This paper stages an encounter between Relational Poverty Theory (RPT) and the solidarity economy movement. RPT understands poverty as the dynamic product of economic exploitation, political exclusion and cultural marginalization. The solidarity economy movement can be seen as a transformative political response to these dynamics aiming to replace exploitation with cooperation, exclusion with participation and marginalisation with practices of inclusion. Globally, more than sixty solidarity economy movements are coordinating efforts, developing associative relations between cooperative economic institutions, social justice movements, and one another. While these developments are encouraging, many practitioners are concerned about the movement’s future. Solidarity economy practitioners we encountered in our US-based research were concerned with the movement’s vulnerability to co-optive exploitation or (un)witting perpetuation of the very dynamics of exclusion and marginalisation it seeks to transcend. We take this as evidence of the enduring power of poverty-dynamics and testament to the incisive, critical insights of RPT. However, what remains unanswered is how the solidarity economy might succeed in its own terms? We deploy Gibson-Graham’s theorization of postcapitalist politics to answer this question, charting the movement’s possibilities, specifically how it works by creating and sharing spaces and monetary and non-monetary resources in pursuit of its objectives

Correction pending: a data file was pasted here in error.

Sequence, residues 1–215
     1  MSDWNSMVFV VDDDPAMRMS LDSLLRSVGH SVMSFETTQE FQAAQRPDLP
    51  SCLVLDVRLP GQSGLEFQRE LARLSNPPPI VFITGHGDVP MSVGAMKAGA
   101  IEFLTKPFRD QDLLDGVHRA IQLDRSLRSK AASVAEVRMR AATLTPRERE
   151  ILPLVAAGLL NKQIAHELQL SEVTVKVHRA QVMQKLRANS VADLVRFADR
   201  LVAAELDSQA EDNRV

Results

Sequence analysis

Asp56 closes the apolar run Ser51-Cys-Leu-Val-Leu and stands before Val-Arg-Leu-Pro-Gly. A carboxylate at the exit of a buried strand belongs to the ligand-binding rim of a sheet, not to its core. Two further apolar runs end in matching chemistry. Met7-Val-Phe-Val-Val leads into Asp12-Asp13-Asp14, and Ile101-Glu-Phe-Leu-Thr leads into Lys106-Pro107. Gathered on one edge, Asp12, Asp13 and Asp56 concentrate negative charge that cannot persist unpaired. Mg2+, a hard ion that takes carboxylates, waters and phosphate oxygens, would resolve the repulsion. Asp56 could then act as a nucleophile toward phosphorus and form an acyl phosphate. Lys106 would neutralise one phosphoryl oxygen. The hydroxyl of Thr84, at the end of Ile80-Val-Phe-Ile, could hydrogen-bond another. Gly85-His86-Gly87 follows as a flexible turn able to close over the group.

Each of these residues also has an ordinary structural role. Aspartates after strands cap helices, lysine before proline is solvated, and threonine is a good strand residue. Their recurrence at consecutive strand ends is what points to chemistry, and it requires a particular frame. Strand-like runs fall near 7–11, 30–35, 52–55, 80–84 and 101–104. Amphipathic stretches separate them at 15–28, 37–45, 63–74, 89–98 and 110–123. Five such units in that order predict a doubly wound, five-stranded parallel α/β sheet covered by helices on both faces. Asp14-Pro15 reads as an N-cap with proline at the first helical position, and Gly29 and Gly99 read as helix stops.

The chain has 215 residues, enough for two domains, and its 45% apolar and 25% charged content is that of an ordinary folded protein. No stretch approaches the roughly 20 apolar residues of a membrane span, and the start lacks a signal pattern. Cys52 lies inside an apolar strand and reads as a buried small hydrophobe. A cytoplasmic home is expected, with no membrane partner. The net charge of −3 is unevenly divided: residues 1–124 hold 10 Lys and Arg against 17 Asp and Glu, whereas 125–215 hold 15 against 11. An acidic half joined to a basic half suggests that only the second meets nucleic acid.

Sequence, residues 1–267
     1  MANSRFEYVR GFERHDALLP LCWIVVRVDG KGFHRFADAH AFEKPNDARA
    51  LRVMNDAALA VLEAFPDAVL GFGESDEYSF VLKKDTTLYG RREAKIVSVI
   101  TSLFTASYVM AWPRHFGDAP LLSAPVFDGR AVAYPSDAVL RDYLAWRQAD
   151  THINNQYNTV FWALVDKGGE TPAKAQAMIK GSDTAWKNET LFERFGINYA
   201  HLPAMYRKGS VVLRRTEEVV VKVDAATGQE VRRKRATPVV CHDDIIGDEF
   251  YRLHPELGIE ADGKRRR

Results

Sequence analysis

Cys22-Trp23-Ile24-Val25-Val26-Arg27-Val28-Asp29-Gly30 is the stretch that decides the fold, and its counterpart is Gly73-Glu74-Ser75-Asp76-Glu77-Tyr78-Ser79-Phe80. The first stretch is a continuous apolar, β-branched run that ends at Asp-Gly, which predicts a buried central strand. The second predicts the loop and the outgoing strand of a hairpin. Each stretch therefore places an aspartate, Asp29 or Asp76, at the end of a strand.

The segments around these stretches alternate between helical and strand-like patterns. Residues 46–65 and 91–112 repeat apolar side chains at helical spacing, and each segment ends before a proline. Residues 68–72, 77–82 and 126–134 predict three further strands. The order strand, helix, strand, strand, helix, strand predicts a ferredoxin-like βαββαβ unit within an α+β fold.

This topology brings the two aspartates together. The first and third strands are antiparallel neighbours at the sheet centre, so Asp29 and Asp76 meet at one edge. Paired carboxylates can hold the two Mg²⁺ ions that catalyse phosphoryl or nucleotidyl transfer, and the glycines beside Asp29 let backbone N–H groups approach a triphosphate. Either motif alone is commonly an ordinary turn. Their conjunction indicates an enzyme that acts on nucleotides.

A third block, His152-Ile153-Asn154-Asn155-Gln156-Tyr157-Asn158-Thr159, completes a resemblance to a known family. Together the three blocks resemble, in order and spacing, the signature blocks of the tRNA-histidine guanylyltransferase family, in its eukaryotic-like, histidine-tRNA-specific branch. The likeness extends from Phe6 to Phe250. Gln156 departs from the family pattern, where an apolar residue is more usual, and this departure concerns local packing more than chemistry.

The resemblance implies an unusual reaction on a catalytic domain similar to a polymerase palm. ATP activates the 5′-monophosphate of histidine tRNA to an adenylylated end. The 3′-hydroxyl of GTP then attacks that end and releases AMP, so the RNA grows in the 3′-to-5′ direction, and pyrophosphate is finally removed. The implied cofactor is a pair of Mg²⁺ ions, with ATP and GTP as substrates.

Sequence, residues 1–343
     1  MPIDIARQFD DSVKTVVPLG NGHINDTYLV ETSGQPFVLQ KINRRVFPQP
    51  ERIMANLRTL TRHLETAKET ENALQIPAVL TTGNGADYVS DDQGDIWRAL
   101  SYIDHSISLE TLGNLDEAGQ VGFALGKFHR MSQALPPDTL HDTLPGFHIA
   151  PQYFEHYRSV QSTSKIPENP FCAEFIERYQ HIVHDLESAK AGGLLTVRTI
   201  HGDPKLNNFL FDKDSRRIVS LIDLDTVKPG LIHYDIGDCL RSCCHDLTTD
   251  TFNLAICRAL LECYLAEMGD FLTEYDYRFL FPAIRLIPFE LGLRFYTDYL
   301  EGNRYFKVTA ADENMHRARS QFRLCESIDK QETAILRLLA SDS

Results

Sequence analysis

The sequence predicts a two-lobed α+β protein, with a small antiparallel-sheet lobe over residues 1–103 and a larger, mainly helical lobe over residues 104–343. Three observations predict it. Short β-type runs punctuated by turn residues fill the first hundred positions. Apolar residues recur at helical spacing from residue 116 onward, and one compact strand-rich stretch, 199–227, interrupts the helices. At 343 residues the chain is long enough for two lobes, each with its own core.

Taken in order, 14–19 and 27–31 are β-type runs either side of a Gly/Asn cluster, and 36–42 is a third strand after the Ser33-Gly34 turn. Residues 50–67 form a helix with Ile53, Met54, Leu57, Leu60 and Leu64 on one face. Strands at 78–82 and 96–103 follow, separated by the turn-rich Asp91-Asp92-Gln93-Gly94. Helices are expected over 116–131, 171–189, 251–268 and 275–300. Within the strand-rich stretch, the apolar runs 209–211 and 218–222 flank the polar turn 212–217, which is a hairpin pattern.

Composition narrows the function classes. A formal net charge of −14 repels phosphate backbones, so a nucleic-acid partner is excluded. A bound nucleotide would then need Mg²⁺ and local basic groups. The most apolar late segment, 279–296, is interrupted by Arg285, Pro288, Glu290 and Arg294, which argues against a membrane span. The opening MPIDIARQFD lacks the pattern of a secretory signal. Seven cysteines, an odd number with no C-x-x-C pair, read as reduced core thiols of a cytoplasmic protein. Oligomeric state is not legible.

Healy, S., Borowiak, C., Pavlovskaya, M., & Safri, M. (2018). Commoning and the politics of solidarity: Transformational responses to poverty. Geoforum.